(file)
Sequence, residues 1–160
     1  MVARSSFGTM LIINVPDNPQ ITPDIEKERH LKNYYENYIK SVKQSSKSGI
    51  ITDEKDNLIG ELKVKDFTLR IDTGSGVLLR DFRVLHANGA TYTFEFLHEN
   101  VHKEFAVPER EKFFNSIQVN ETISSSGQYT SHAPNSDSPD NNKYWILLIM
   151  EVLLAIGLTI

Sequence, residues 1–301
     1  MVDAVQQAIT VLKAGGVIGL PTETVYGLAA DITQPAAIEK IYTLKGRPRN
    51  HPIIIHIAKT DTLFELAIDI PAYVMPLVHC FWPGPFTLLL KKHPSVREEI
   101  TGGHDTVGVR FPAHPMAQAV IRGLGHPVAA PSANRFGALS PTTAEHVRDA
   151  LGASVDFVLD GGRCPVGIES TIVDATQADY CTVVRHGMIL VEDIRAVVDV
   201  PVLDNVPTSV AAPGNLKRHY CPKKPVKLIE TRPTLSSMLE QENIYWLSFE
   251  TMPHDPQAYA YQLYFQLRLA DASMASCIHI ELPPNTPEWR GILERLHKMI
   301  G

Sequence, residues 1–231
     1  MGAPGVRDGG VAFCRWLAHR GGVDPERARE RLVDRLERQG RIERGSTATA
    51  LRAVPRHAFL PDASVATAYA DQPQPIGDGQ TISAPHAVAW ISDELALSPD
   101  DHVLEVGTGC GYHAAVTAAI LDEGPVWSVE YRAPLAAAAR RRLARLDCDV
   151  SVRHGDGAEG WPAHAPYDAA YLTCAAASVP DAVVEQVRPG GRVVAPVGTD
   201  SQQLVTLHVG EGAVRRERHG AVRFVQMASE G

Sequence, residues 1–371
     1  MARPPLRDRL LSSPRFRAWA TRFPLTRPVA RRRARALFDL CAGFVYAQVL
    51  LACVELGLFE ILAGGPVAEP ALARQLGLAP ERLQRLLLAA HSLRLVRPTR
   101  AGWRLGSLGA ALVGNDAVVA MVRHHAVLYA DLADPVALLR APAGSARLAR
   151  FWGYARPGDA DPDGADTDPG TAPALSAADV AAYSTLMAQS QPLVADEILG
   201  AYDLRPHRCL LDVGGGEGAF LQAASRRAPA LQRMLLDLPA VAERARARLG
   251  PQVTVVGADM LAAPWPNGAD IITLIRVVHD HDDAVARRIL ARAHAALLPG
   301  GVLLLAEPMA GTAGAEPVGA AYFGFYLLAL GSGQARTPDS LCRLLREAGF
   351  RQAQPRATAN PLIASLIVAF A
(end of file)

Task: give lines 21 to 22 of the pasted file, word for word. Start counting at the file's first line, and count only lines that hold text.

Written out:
     1  MARPPLRDRL LSSPRFRAWA TRFPLTRPVA RRRARALFDL CAGFVYAQVL
    51  LACVELGLFE ILAGGPVAEP ALARQLGLAP ERLQRLLLAA HSLRLVRPTR